History of Virgin
Virgin Trains was born on 29th of November 1996 when it was awarded the Cross Country franchise following the privatisation of British Rail, the franchise will last until April 2012. Along with the Cross Country line, Virgin also won the West Coast franchise and took control on the 9th of March 1997, this franchise will end in March 2012. The West Coast line was the last but one of the franchises to be handed over to the private sector, all of which had been completed in less than three-and-a-half years after the Railways Act had been passed.
Virgin Trains' own definition of the company is on its website, www.virgintrains.co.uk. They describe the company as A truly national network, Virgin Trains covers vast areas of Britain.'
Structure of the Company
Virgin Trains is owned and run by Virgin Management and Stagecoach Plc. The Virgin Management team are the majority shareholders and own 51% of the company as opposed to Stagecoach which owns 49%. Virgin Trains is managed by a board known as Virgin Rail Group and is made up of the Virgin Management team and Stagecoach.
To give an idea of the size of Virgin Trains, I have prepared a number of facts and figures that were gathered in 2004.
Turnover in 2004 amounted to £579 million.
Members of staff employed by Virgin Trains reached 4748.
Total passengers per annum was recorded at 34.1 million.
Train miles per annum was a staggering 31.6 million.
It is clear that Virgin Trains is truly a national company, both in terms of its size outlined by the figures above but also by the areas that it serves.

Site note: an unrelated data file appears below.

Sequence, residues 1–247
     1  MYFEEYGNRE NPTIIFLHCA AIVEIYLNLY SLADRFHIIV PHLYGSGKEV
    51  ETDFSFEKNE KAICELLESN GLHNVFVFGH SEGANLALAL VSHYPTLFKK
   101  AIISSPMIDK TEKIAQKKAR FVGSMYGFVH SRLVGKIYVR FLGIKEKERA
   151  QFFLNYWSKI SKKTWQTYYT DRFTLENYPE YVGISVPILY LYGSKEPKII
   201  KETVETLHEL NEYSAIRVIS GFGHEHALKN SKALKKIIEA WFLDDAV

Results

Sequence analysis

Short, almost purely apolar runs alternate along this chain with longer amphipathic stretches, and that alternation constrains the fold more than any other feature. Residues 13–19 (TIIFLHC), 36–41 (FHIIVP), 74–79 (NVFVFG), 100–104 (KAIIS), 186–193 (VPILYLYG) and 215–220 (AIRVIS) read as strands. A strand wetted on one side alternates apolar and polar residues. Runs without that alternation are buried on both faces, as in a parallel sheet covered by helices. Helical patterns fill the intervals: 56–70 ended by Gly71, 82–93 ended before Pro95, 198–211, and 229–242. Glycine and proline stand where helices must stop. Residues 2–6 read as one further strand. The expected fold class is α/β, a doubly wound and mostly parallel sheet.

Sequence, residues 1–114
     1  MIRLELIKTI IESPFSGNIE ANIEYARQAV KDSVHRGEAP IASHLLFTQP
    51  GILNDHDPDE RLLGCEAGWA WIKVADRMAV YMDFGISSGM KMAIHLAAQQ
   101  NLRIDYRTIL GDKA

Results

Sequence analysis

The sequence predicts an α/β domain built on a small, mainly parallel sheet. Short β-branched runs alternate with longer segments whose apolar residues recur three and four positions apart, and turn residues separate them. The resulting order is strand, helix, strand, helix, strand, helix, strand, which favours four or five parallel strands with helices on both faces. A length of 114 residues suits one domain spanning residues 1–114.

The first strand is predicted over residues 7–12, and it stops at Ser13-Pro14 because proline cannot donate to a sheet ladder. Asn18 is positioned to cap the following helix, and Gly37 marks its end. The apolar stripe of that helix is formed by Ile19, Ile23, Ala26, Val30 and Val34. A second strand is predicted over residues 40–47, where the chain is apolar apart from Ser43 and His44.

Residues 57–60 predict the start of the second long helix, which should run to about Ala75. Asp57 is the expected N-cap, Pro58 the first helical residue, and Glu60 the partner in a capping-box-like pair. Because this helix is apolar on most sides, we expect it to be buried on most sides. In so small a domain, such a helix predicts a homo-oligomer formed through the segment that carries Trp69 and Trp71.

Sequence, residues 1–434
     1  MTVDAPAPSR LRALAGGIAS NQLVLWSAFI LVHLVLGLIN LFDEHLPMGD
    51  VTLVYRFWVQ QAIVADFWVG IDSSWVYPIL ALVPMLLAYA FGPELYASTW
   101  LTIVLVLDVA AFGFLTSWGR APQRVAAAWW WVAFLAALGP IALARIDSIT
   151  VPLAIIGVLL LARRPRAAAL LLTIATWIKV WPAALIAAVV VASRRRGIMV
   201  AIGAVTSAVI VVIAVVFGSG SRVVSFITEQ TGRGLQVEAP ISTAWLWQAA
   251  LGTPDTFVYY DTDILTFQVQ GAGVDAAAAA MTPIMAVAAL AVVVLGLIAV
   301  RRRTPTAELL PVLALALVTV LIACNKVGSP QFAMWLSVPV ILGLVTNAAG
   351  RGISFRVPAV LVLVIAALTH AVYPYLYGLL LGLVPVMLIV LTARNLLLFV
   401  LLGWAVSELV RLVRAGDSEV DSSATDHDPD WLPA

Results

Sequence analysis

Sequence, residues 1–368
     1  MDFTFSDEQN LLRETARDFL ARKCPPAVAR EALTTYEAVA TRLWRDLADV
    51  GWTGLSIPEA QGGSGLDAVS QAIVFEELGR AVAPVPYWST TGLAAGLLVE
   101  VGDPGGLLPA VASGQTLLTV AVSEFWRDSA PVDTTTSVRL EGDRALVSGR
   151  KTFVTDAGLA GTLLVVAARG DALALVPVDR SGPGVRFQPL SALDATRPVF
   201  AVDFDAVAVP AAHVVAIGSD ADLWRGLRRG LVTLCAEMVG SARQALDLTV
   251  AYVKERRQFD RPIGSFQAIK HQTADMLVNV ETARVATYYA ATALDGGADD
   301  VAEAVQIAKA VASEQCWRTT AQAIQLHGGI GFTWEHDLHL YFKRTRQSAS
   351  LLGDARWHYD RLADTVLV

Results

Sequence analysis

The geographical map above shows the extent to which Virgin Trains operates throughout the country. It is clear that the company runs services to and from just about every corner of England and also on the main routes in Scotland, around Glasgow and Edinburgh. Once again, this highlights the size and breadth of the company.
History of the Industry
The Conservative governments of the 1980s, led by Margaret Thatcher, began a policy of privatising state-owned assets. However, it was John Major's government that came in with a manifesto of privatising the railways. Major liked the idea of large territorially based companies that had existed from 1923 to 1947 and this is what he sat about doing. The first franchise to be allocated was that of South West Trains. This went to Stagecoach Holdings on 19 December 1995.
Profile of the Industry
It is clearly known by a large proportion of the population that rail travel is a very common alternative to travelling by car. It has many advantages over using a car, the main factor being the cost of travel in the long run. It can also be much faster than travelling by car as there is very little congestion on the train tracks and with Virgin committing to making large investments in new high-speed trains, it may become even faster. These reasons are what makes the train industry as popular and as large as it is. The following statistics highlight the size of the industry as a whole, throughout the UK.
Total passenger journeys between 2004 and 2005 were calculated at 1,088 million.
84 million of these journeys were classed as long distance, the sector of industry that Virgin primarily operates in.
Total passenger revenue amounted to £4,158 million in the year 2004 to 2005.
The total revenue in this period for long distance operators was recorded at £1,465 million.
The above data was taken from the website of the office of rail regulation. The address is www.rail-reg.gov.uk.
Virgin operates the famous West Coast line, one of the most valuable and famous lines in the UK. By owning the franchise to this line, Virgin has a symbolic railway in which it operates.
The Virgin group has huge financial backing in the shape of both Stagecoach and Richard Branson. With Branson owning the many Virgin brands...
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